Suppose we find ourselves dealing with a person who presents us with special challenges — perhaps someone who does not believe effective community is possible, or who values their privacy to an extreme, or is just unreceptive? It is almost always possible to work with someone who we find difficult if we are determined to find a way. It is prudent to remember, however, that in such circumstances we cannot allow ourselves be emotionally needy or easily disheartened. Such an effort calls for backbone as well as a positive attitude and a generous spirit. If, however, we are able to plant the seeds of community in the fertile soil of the human heart, and water them gently with compassion and kindness, we may not have to wait long before the green shoots spring forth.
Often it is impossible to know why someone remains unresponsive despite our best efforts. Pain is often hidden there, whether or not it is conscious. And, caring will always give solace, however silently it is received. When we make ourselves present in the life of another without expectation or demand, healing can take place even without our knowing — until the dam breaks and the words flow. Reuel L. Only through dialogue are we saved from this enmity toward one another. Dialogue is to love what blood is to the body….
When dialogue stops, love dies and resentment and hate are born. A project description and introduction to the coming book can also be found with the links above. Living or working with other people may be the most difficult thing we ever do. Even a marriage can be hard work. And yet, if we choose to rebuild the foundations of the American Republic this is our core mission. To regain the free and fully engaged civil society of the American past, and renew the strength of America that sustains both vision and spirit, we must find common purpose.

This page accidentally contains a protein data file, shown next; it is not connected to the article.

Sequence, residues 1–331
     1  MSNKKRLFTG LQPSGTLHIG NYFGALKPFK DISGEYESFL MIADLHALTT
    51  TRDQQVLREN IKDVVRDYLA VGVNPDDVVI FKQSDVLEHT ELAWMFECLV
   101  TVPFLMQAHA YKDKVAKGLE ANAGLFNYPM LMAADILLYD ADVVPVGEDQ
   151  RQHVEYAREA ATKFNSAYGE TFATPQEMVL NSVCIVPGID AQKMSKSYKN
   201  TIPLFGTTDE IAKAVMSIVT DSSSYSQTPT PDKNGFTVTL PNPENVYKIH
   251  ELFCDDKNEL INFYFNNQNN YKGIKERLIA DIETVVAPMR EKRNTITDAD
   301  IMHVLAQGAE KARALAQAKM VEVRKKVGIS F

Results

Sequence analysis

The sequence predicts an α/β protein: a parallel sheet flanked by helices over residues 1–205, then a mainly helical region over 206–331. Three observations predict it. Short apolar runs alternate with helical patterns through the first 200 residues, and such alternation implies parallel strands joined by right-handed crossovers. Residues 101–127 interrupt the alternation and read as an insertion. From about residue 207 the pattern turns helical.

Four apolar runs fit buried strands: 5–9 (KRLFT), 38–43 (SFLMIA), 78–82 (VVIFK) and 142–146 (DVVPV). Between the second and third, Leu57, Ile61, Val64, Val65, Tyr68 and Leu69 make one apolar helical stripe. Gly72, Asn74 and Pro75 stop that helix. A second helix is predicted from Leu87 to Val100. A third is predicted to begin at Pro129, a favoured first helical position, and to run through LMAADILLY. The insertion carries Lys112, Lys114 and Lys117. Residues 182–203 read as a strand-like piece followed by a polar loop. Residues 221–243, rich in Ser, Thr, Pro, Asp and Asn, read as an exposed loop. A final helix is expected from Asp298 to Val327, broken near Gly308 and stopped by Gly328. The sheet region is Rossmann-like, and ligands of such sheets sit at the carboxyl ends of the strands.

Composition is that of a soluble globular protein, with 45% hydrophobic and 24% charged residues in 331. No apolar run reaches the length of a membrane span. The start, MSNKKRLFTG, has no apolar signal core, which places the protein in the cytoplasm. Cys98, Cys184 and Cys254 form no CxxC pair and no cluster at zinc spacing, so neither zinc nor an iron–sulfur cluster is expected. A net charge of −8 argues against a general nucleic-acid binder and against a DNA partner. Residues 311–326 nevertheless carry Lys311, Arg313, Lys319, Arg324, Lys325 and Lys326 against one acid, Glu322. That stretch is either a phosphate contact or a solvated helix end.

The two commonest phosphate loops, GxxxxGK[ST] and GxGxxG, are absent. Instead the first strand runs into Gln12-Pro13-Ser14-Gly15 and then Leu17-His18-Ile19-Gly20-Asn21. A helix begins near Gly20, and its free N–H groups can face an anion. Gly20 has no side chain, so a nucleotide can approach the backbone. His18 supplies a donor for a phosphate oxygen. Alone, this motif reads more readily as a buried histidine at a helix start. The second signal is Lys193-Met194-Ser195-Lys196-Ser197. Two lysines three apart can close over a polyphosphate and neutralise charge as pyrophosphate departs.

Without dependable communities there can be no real safety or security. And, without trust nothing is dependable. These are prizes to be fought for and gained through consistent and determined effort. Where do we start? How can we navigate the inevitable bumps and bruises of working relationships in a time of crisis?
When we are working with someone who is emotionally mature and relatively open-minded it might not be hard to develop an understanding. If, however, we need to work with someone who is anxious or has wounds from the past, or is convinced they already know everything , then building a constructive relationship will take time and patience. Rising above our differences is almost always possible, if we have the patience and will to persist. There are two basic requirements. The first is to get our motives straight — to have a positive attitude and clearly formed intentions.
The second is to gain practical interpersonal skills. Both will be addressed in the coming book. When in any potentially sensitive interpersonal relationship it is wise to look beyond superficial impressions. We need to recognize the free personhood and integrity of other individuals, regardless of their experience or perceptions. Relatively new acquaintances may not seem attractive at first, or might actually seem more attractive than they deserve. We must try patiently to discover who they really are.
Each of us is a complex mystery. We can only come to genuinely know one another if we have the generosity of spirit to inquire and take interest. This takes time, but can be a rich and meaningful experience. These give us the ultimate human freedom…, the power to choose, to respond, to change.
If we seek to build trust, and if we believe in freedom, all of these endowments must be recognized and actualized. Many of us are unaware of our own endowments, our own potential to grow and mature. And the surest way to learn and grow is in the effort to build functional relationships. Many people will not share our personal vision or sense of purpose.